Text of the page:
Water Resource Management

Analysis of the Causes of Cyanobacteria Bloom: A Review

  • ZHOU Bing 1, 2 ,
  • CAI Xiaoli 1, 2 ,
  • WANG Sen 3 ,
  • YANG Xinxin , 2, *
  • 1. Key Laboratory of Analysis and Processing of Big Data, Kaifeng 475004, Henan, China
  • 2. School of Computer and Information Engineering, Henan University, Kaifeng 475004, Henan, China
  • 3. School of Information Management, Wuhan University, Wuhan 430072, China
*, YANG Xinxin, E-mail:

ZHOU Bing, E-mail:

Received date: 2019-08-29

  Accepted date: 2020-03-10

  Online published: 2020-09-30

Supported by

Development and Testing Project of Algal Bloom Remote Sensing Processing Module(2018-S018)


Among water blooms, cyanobacteria bloom occurs over the widest range and is much more harmful than other blooms. Its occurrence in inland water bodies is affected by many factors, such as meteorology, hydrology, and human activities. Therefore, the study of the causes of cyanobacterial bloom has become a major focus of scholars. The China Knowledge Network Journal Database contains 143 papers from China and abroad from the years 2004 to 2019 that are relevant to the study of cyanobacteria bloom. We begin by analyzing keywords in these studies and creating a keyword distribution map which indicates the factors related to the blooms. Based on parameters such as the frequency of words appearing in the text, the full text of each of the 143 papers is analyzed to form a word cloud created by a program written in Python language. After irrelevant terms are eliminated, the word cloud map can reveal potential factors that were not identified by keywords alone. After completing this macro analysis, we examined approximately 100 related papers from the China Knowledge Network Journal Database and Web of Science Database published from 2014 to 2019. Finally, we summarize the main reasons for the outbreak of water blooms. The factors causing blooms can be divided into natural factors and human factors. Among the natural factors are illumination, water temperature and nutrient salt conditions. The human factors are generally related to large-scale water conservancy projects. This paper analyzes and summarizes these factors, and provides a reference to aid in the prevention and treatment of algal blooms. The information in the paper has a certain practical significance for the protection of water environments.

Cite this article

ZHOU Bing , CAI Xiaoli , WANG Sen , YANG Xinxin . Analysis of the Causes of Cyanobacteria Bloom: A Review[J]. Journal of Resources and Ecology, 2020 , 11(4) : 405 -413 . DOI: 10.5814/j.issn.1674-764x.2020.04.009

1 Introduction

Water bloom refers to a disastrous ecological phenomenon consisting of algae or zooplankton in freshwater, or explosive growth and high concentrations of bacteria, causing discoloration of water bodies (Wang, 2015; Zhou, 2016). Among the various kinds of blooms, cyanobacteria bloom has the widest range, causes the most harm, and represents the greatest danger to human health.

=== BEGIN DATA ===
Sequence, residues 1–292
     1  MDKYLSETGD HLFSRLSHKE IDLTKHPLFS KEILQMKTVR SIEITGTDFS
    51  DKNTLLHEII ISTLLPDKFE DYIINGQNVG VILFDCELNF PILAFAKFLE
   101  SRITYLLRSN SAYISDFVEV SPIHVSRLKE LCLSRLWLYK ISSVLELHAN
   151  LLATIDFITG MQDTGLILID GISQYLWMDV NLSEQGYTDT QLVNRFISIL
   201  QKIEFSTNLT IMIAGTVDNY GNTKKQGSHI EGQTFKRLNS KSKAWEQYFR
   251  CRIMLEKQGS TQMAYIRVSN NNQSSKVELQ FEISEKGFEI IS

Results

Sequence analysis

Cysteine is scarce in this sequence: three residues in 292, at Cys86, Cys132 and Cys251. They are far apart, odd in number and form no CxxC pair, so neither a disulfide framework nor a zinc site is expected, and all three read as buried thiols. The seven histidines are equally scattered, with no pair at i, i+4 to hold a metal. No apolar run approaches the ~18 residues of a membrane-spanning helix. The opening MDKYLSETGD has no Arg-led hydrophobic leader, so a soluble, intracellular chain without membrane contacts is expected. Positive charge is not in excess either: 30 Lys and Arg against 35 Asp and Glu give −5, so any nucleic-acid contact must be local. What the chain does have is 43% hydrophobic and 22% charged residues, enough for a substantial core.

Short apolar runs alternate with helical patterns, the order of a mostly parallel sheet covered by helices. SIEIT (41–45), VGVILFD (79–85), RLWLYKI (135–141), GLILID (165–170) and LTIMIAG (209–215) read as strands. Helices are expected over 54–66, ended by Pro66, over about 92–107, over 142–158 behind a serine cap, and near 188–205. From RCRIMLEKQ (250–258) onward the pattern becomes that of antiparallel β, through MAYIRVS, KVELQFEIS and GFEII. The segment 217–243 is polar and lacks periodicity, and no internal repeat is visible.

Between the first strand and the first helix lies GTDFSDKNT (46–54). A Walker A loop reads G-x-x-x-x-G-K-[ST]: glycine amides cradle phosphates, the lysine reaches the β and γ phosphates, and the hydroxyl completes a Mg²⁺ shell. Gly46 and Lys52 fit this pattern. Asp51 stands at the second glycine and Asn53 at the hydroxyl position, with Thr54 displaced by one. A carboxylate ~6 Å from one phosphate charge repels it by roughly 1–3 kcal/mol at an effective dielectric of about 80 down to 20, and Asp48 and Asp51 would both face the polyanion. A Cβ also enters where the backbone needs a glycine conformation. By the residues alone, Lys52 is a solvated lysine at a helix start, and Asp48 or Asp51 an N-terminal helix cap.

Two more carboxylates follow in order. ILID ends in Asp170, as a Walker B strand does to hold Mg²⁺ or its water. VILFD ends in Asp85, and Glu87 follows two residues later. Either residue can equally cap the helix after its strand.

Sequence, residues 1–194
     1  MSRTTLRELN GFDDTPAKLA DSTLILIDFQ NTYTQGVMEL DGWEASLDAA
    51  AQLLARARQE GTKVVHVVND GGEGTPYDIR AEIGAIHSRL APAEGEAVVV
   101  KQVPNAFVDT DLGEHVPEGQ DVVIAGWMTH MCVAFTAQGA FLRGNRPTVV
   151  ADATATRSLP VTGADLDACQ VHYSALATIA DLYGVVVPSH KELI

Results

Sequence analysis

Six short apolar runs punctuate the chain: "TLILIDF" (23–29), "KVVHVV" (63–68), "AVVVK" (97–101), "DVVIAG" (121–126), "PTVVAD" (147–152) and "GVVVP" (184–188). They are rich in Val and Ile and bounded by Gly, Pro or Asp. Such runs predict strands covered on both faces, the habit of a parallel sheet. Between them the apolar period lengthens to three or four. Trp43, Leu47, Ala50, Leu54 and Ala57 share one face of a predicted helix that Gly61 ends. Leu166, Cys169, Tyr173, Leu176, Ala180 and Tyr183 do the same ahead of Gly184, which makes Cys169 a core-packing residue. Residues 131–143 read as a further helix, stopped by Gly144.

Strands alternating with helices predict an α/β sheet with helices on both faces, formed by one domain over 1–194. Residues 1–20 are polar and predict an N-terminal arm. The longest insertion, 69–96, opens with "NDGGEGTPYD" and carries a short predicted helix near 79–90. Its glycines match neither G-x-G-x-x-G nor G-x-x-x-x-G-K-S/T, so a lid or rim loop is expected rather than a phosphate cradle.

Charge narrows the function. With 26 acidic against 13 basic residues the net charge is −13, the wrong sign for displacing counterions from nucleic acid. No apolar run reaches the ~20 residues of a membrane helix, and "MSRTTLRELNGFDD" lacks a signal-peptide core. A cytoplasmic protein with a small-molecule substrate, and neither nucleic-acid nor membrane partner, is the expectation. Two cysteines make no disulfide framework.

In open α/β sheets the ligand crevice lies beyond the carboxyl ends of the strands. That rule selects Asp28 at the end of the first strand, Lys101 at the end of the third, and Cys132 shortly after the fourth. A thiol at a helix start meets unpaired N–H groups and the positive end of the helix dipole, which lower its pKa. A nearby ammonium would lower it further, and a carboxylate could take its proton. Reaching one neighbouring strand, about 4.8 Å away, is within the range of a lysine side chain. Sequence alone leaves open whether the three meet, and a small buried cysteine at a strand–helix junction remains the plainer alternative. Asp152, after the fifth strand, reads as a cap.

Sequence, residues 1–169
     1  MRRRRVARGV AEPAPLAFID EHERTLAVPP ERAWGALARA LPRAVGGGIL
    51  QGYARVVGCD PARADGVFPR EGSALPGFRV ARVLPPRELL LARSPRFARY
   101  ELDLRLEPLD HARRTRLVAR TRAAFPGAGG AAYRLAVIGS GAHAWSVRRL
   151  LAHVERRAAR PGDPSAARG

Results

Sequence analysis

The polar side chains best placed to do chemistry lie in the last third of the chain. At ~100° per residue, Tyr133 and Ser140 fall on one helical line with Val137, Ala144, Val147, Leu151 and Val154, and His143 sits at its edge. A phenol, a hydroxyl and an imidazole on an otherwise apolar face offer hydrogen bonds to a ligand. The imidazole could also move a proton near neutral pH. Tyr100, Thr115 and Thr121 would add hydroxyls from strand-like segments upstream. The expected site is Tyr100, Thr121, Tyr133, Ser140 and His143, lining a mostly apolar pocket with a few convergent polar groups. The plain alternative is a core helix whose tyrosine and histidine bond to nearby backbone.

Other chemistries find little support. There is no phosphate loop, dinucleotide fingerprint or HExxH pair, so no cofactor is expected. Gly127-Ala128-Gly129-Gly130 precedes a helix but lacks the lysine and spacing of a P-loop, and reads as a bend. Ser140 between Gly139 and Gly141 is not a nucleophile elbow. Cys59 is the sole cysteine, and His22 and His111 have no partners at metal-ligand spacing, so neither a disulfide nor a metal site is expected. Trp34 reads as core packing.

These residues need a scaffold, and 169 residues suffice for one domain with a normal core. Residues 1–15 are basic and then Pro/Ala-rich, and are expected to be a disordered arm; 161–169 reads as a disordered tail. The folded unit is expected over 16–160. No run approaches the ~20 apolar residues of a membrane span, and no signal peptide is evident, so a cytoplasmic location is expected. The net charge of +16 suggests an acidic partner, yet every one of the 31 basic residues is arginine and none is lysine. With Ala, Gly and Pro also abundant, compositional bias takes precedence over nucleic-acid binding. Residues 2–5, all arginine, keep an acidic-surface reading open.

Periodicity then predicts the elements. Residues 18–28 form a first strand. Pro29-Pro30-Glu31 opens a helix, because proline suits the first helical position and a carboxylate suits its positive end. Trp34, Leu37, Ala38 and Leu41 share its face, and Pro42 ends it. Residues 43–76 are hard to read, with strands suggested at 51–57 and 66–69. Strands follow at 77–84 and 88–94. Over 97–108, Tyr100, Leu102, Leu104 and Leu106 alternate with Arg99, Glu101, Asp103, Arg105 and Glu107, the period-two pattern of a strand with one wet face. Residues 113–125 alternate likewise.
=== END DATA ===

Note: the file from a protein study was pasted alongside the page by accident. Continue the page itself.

With the eutrophication of water bodies becoming an increasingly serious problem in recent years, more and more water bodies have bloomed. Statistical standards for bloom indicate that water bloom occurs when the water color changes significantly or algae density is greater than 107 Pcs L-1 (Xiong et al., 2015). The statistics for pollutant levels in China’s major rivers in April 2019 are shown in Fig. 1 (EB/OL 2019). The second survey of the status of lakes in China shows that 138 sections of the eastern plain lake area, the northeast plain and mountain lake area, and the Yungui Plateau lake area are larger than 10 km2, and that 85.4% of the lakes exceed the eutrophication standard. The eutrophication degree of lakes is shown in Table 1; 40.1% of the lakes meet the criteria for severe eutrophication. These data show that cyanobacteria blooms in lakes in China are a grave problem, one that urgently needs a solution.
Fig. 1 The pollution index statistics of major rivers in China in April 2019
Table 1 Classification of the eutrophication degree of lakes in China
Degree Total phosphorus
(mg m-3)
Total nitrogen (mg m-3) Chlorophyll α
(mg m-3)
Oligotrophic <15 <400 <3
Middle nutrition 15-25 400-600 3-7
Eutrophication 25-100 600-1500 7-40
Overnutrition >100 >1500 >40

2 Bibliometrics and visualization analysis

In order to summarize the causes of outbreaks of cyanobacteria bloom, to begin this paper uses the bibliometrics method and a Python word cloud to analyze the keywords and full text of research papers.

2.1 Key words analysis

This section is based on data from the China Journal Full-text Data-base (CNKI) data for the years 2004 to 2019. Search conditions are theme = ‘water bloom’ and ‘cause’; theme = ‘cyanobacteria bloom’ and ‘mechanism’; theme= ‘cyanobacteria bloom’ and ‘reason’; Excluding non-academic articles and duplicate articles such as conference or newspaper summaries, 143 literature samples were selected.